As with the national strike, the inspiration of the Roman strike came from the government's violent dealing with a popular manifestation which only threatened to be mischievous. A stone-mason was killed by falling from a scaffolding, and his funeral was attended by so many hundreds, amounting to thousands, of workmen that the police conceived, not quite unjustifiably, that it was to be made the occasion of a demonstration, especially as the proposed route of the procession lay through the Piazza di Venezia, under the windows of the Austrian Embassy, Austria being always a red rag to the Italian bull and peculiarly irritating through the reservation of the Palazzo Venezia to the ancient enemy at the cession of Venice to Italy. The mourners were therefore forbidden to pass that way, and the police forces were drawn up in the Piazza Gesu, before the Jesuit church, with a strong detachment of troops to support them. Their wisdom in all this was very questionable after what followed, for the mourners insisted on their rights and would go no way but through the Piazza di Venezia. When the dispute was at its height two wagons laden with bricks appeared on the scene. The mourners swarmed upon them, broke the bricks into bats, and hurled them at the police. They had apparently the simple-hearted expectation that the police would stand this indefinitely, but the brickbats hurt, and in their paroxysms of pain the sufferers began firing their revolvers at the mourners. Four persons were killed, with the usual proportion of innocent spectators. At night the labor unions met, and the sciopero was proclaimed as an expression of the popular indignation; but the police had been left with the victory. Whether it was not in some sort a defeat I do not know, but a retired English officer, whom I had no reason to think a radical, said to me that he thought it a great mistake to have let the police oppose the people with firearms. Soldiers should alone be used for such work; they alone knew when to fire and when to stop, and they never acted without orders. In fact, the troops supporting the police took no part in the fray, as the workmen's press recognized with patriotic rejoicing.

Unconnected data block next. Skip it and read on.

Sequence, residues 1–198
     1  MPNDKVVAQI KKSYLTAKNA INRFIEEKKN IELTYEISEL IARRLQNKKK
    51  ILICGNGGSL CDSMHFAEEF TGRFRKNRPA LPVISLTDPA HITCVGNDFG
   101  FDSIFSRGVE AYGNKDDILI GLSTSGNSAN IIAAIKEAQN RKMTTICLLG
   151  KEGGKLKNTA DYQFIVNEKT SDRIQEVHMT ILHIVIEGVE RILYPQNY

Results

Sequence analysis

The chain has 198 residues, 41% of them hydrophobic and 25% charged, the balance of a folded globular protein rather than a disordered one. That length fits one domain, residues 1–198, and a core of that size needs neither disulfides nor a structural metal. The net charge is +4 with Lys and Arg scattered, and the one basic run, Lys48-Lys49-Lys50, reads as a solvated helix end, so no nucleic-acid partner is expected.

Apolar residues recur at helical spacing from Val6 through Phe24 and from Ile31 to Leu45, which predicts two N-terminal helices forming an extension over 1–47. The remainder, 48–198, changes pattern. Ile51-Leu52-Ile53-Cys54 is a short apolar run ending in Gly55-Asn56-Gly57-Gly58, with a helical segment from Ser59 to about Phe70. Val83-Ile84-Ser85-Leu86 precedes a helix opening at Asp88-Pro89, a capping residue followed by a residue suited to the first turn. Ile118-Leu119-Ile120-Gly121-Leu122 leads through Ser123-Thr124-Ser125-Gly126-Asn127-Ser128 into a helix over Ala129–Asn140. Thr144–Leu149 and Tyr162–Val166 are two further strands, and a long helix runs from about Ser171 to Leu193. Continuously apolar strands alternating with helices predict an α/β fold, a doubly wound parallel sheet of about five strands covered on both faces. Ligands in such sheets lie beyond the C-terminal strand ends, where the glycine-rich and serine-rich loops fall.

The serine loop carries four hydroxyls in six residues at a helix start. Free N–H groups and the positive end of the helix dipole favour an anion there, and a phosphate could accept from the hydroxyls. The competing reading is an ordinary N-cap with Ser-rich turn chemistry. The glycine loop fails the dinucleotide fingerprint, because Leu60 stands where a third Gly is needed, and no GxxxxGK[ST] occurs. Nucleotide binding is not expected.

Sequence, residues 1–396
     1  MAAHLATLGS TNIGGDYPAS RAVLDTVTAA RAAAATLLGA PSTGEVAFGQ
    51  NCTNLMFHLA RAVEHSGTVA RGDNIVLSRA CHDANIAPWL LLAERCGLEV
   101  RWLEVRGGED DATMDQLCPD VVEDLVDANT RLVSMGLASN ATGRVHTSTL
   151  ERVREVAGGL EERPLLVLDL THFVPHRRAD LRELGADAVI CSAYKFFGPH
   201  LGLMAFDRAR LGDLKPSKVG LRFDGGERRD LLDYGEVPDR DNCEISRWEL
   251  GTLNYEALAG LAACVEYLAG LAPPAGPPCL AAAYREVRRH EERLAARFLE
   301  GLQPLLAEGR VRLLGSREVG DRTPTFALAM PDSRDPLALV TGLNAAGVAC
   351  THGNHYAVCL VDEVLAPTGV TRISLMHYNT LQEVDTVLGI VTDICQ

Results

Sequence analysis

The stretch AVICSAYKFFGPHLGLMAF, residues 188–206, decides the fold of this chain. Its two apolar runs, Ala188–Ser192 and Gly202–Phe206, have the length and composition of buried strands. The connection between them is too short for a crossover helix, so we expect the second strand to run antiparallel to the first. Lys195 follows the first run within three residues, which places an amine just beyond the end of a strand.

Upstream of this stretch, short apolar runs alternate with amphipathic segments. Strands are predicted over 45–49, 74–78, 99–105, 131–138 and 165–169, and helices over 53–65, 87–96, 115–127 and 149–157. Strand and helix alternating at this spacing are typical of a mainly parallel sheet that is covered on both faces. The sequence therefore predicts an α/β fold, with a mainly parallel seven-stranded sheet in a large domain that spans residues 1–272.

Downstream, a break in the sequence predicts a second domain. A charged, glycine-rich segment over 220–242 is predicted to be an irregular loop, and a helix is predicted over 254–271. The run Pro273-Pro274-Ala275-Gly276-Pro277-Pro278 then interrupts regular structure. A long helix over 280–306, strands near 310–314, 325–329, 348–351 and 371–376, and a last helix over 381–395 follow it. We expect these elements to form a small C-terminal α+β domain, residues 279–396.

The next morning a signal silence prevailed throughout the city, where not a wheel stirred or the sound of a hoof broke the hush of the streets. We had noted already that there were seven Sundays every week in Rome, as was fit in the capital of the Christian religion, but this Thursday was of an intenser Sabbath stillness than any first day of the week that we had yet known. There was the clack of passing feet in the street under our windows, but we looked out upon a yawning void where the busy cabs had clustered, and the cabmen had socially chaffed and quarrelled, and entreated the stranger in the cabman's superstition that a stranger never knows when he wants a cab. Now he could have walked all over Rome without being once invited to drive. Except for here and there a private carriage, or the coupe evidently of a doctor, the streets were empty, and the tourists had to join the citizens in their pedestrian exercise.